In Laurie Halse Anderson's Speak, where in chapter one is symbolism seen?
The Merryweather High School's mascot is mentioned in the first chapter of the novel and continually changes throughout the school year, which symbolically reflects Melinda's inability to cope with her negative feelings and her personal struggle to discover her true identity. In chapter 1, the school board changes the mascot from a Trojan to a Blue Devil because the Trojan mascot did not send a strong "abstinence message." As the school year progresses, the school board changes the mascot to a Tiger, a Wombat, and finally a Hornet. The changing mascot symbolically reflects Melinda's emotional change and outlook on life after being sexually assaulted at a summer party. As a freshman entering high school, Melinda struggles to develop an identity and properly cope with her traumatic experience. Similar to Melinda's change in personality, perspective, and status, the Merryweather High School also struggles to develop a "politically correct" identity.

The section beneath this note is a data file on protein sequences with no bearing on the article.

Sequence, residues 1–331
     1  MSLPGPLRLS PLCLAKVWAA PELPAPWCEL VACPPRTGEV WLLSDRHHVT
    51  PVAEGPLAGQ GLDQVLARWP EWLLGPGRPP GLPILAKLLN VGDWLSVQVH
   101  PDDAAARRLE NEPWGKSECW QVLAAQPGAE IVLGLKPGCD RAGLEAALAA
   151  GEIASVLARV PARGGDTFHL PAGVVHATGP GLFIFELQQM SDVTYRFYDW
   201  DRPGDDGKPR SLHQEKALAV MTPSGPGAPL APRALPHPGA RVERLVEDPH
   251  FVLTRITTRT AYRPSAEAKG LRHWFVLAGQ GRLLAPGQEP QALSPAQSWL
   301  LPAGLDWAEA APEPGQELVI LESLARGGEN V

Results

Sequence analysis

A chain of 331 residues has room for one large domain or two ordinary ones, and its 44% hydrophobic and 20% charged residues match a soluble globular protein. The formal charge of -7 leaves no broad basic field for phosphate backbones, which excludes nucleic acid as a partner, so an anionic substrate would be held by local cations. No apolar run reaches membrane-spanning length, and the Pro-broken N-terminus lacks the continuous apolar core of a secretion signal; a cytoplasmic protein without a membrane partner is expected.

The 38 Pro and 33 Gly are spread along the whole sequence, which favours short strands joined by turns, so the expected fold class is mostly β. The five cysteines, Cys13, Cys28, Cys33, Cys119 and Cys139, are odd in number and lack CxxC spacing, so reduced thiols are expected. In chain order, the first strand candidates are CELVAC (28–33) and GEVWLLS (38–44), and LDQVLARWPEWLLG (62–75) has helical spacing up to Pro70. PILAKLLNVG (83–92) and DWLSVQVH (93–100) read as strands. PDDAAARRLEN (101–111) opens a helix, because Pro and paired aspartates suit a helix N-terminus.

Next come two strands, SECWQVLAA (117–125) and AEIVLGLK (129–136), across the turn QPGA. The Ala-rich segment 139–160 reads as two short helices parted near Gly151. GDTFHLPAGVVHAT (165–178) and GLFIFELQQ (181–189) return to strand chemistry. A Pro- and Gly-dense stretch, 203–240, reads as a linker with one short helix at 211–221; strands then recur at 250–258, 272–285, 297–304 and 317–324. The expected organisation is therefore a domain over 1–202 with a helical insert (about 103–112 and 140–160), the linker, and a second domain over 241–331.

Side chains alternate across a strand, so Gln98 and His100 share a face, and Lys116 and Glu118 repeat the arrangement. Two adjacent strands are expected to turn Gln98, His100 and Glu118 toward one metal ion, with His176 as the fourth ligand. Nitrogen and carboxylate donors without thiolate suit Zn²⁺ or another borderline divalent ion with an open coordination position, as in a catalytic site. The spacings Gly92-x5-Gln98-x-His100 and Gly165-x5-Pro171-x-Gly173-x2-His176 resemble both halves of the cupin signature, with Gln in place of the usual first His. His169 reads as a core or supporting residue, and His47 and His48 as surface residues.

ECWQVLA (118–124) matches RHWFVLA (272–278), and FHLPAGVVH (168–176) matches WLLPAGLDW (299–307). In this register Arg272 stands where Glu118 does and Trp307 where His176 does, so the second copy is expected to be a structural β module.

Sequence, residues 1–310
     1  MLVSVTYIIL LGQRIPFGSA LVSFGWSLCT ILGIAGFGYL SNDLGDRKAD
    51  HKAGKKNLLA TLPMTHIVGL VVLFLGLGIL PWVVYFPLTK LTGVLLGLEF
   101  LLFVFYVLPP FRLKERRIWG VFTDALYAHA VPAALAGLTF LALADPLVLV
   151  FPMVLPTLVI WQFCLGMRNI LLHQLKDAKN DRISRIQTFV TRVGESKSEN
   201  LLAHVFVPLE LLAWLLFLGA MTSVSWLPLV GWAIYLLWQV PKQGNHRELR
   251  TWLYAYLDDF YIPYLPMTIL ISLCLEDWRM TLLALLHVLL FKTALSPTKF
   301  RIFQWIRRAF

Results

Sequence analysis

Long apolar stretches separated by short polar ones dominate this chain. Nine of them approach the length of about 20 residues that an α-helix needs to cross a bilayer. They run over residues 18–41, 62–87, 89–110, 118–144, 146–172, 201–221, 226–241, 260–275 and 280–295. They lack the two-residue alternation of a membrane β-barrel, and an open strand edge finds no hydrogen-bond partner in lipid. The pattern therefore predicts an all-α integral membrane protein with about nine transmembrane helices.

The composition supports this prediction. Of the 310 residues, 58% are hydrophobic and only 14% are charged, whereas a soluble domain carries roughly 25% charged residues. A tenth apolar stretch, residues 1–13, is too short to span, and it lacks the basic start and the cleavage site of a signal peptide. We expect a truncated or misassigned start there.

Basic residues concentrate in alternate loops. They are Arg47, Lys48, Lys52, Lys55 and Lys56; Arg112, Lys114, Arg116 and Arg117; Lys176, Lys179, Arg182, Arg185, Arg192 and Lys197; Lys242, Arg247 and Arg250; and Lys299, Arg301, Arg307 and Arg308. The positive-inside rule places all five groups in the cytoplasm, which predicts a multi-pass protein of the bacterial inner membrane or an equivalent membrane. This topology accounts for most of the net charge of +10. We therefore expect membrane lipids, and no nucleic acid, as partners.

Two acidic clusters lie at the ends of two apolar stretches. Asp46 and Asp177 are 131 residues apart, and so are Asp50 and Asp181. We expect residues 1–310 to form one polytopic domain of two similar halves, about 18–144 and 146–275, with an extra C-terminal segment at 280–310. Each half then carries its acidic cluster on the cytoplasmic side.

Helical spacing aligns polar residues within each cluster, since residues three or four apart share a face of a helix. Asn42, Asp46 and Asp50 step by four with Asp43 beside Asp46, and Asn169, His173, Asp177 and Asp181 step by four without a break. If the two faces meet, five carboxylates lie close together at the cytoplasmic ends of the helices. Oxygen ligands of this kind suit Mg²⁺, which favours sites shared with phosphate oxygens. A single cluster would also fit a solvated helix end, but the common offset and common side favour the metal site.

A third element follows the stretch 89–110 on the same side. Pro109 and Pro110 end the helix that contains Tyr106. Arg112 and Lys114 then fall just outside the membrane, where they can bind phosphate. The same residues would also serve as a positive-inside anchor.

"Marking Period One," or the first section of Laurie Halse Anderson's Speak, introduces a symbol which extends throughout the novel's entirety. On page four, of the National Book Award-Silver edition, Melinda has just gotten onto the school bus for her first day of high school. Her ex-best friend, Rachel, is laughing at her. Rachel mouths that she hates Melinda. Melinda immediately bites her lip.
Melinda's lip symbolizes her inability to speak. She fails to have a good relationship with anyone (her old friends, her new friend, or her family) because she refuses to talk. Melinda, at one point, has chewed her lip so much that it is scabbed over and bloody.